I broke into my mother-tongue and used some choice words.
I was in rage. They were sitting there like; we only asked a simple question! I stormed out and wrote a letter of resignation. Later, I regretted because resigning was such an impulsive move.
“I started operating a cleaning service and registered for a life-skills course. At the training, I would talk a lot, I had all the answers at my fingertips, I would point out how I had worked in all these places yet I was only 27!
I think it appeared as if I was showing off and so again, people started withdrawing from me. I had been rejected again.
“One day I had an idea to start an organisation and when I approached one of the lecturers about it, she saw a red flag in the fact that I had had three jobs (and many businesses) in a span of three years. She said, you have a good idea, but go and see a therapist first and let’s talks after.
That’s how I started therapy.
“One of the exercises my therapist recommended involved asking others what they thought about me; the positive and the negative. They all said that I am nice, empathetic, passionate, creative and that I am a go-getter.
They also said that I have unpredictable moods, can be a bully, hold grudges, have an attitude, over consult, tell everyone everything, have difficulty saying no and that I start things and don’t finish them.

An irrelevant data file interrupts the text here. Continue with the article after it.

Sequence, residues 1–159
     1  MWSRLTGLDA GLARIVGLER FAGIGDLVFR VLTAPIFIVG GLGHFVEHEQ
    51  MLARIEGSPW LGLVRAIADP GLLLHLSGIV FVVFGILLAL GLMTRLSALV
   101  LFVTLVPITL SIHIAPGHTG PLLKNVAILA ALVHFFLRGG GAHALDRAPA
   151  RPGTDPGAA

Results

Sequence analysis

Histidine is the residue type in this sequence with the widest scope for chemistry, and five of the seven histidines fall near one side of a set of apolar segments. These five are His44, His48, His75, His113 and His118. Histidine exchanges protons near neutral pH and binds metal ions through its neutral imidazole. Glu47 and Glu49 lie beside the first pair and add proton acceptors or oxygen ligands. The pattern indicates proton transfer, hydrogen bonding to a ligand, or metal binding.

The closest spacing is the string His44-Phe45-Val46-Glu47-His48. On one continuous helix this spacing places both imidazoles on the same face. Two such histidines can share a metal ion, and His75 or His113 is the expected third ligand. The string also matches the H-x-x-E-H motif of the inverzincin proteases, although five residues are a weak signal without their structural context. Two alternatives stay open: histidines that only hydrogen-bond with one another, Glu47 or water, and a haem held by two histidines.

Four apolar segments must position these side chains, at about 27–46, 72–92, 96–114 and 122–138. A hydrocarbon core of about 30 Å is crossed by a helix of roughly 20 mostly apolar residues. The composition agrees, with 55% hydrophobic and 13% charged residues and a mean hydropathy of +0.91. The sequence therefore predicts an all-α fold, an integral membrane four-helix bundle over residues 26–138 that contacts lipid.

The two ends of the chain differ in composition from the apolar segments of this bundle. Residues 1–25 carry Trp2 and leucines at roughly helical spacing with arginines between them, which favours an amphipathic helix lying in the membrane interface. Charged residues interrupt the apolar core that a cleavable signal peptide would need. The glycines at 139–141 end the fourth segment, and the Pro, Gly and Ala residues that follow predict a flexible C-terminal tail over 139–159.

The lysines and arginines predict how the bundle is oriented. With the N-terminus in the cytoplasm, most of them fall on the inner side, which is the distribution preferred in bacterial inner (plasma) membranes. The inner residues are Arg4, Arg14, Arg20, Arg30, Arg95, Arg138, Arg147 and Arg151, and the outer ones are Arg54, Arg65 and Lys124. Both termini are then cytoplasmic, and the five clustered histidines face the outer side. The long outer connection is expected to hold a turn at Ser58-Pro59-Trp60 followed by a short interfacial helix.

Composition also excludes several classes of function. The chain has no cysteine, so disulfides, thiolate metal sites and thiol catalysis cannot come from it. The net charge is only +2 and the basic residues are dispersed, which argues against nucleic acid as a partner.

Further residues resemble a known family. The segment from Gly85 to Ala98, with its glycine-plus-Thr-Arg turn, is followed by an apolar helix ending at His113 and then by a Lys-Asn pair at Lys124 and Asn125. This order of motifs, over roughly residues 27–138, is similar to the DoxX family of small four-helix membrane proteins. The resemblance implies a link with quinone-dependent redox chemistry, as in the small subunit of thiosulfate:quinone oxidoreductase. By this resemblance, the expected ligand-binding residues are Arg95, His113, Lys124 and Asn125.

I watched a talk by a woman who has ADHD and her thing was that she used to jump from relationship to the next; my equivalent was jobs and businesses before eventually losing motivation and moving on to something else.
“My diagnosis was the beginning of self-realisation. The fact that I have ADHD, depression and anxiety means I am a strong person; not very many people can have this and still show up for life.
I also want to create awareness. My mum was telling about people in shags who have been locked up in their rooms all their lives because they have mental illnesses! There is a child I know who is autistic and I can already see the denial; everyone says ‘oh, he just has slow speech’.
He is autistic! The only issue with people like me or with autistics is that we think differently. And that’s fine. Some of the revolutionaries in history lived with symptoms of one mental condition or the other; that’s the magic that made them who they are!
“I am now pursuing my Masters in communications. I still get highs and lows. The highs are characterised by anxiety and sleeplessness. Sometimes I get this feeling that I will change the world and I come up with an idea on how to do it in less than an hour! If it’s a business, I’ll even find clients.
Then the lows come and everything crashes and I have to start over. But now that I am on medication, I don’t get very low lows.
“Exercise also helps; I carry a skipping rope everywhere so that when I start feeling some type of way, I go somewhere, even if it’s in a bathroom and I skip. My self-esteem has also gone up; I no longer bleach myself or wear a fake behind – I don’t feel that I need that sort of validation anymore.”